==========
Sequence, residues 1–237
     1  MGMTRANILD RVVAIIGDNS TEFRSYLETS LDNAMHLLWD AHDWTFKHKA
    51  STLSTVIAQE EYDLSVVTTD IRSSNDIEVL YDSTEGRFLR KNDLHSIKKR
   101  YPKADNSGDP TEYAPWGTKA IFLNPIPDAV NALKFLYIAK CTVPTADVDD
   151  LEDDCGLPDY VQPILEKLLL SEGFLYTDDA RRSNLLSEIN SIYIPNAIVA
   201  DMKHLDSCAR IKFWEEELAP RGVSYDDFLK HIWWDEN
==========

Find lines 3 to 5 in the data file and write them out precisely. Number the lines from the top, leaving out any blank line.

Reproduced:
    51  STLSTVIAQE EYDLSVVTTD IRSSNDIEVL YDSTEGRFLR KNDLHSIKKR
   101  YPKADNSGDP TEYAPWGTKA IFLNPIPDAV NALKFLYIAK CTVPTADVDD
   151  LEDDCGLPDY VQPILEKLLL SEGFLYTDDA RRSNLLSEIN SIYIPNAIVA